Apple claims banks want digital wallets as a new revenue source
Apple says three of the big four banks are pushing to pass the costs of Apple Pay on to their customers as a way to “condition the market” into paying extra fees when using a mobile phone to make a ‘tap and go’ payment.
One of the issues in the long-running battle between Apple and Commonwealth Bank of Australia, National Australia Bank, Westpac Banking Corp and Bendigo and Adelaide Bank is whether the banks can pass through to their customers the fee that Apple will require them to pay to use the iPhone infrastructure.
But Apple has described the argument as a “trojan horse”. In a submission published by the Australian Competition and Consumer Commission on Friday, Apple suggests this issue of fees, rather than the bank’s other demand for access to the iPhone’s communication antenna, is motivating the banks, who are all developing their own digital wallets to compete against Apple’s. Digital wallets allow mobile phones to be used to pay through contactless payment terminals.
“Put simply, the applicant banks have the means, notice and opportunity to disadvantage Apple Pay by pricing Apple Pay transactions above transactions made using their own proprietary issuer digital wallets to dissuade cardholders from using Apple Pay,” Apple said. The banks have an “incentive to charge fees to consumers for using Apple Pay to steer customers towards their proprietary payment apps”.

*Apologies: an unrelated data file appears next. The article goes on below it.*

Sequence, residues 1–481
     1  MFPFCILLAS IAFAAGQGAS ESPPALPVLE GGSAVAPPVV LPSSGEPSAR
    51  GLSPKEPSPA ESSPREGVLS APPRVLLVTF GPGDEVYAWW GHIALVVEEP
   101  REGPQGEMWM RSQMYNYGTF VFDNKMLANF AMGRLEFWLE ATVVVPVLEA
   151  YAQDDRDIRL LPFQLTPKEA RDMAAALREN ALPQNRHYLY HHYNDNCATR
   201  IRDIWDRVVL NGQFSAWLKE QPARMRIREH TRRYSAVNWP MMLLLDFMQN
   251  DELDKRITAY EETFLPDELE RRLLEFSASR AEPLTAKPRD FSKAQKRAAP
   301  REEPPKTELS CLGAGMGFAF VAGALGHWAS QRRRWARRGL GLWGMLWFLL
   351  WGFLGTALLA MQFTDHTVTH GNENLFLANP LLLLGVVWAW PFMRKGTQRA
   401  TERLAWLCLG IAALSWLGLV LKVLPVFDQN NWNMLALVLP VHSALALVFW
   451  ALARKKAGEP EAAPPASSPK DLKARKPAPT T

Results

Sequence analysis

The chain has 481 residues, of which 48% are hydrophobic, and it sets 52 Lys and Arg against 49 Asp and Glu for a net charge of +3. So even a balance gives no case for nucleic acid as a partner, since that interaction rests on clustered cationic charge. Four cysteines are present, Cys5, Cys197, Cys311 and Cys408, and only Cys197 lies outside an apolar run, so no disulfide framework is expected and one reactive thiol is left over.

Once the market became accustomed to being charged for using Apple Pay instead of a card, Apple says the banks would be “setting a precedent for charging for mobile payments on other digital wallets, in the future, including the banks’ own proprietary wallets”. The banks could “tacitly extend the imposition of those fees to any digital wallet transaction as a new revenue source,” Apple added.
ANZ Banking Group broke ranks with the other banks to offer Apple Pay last year; the fee ANZ is paying to Apple has not been confirmed but is understood to be a few cents per $100 of transactions. But ANZ is prevented by its contract with Apple from charging customers for using the service.
The banks’ final submission to the ACCC will be published this week, ahead of the regulator making a decision on the authorisation request, which is expected next month.
Apple said that if authorisation is granted, it will merely provide “cover” for the banks. “The incentive to compete away these fees at the retail level is reduced or removed if there is an ACCC authorised ability to impose Apple Pay transaction fees which provides shelter for their own fees,” Apple said.
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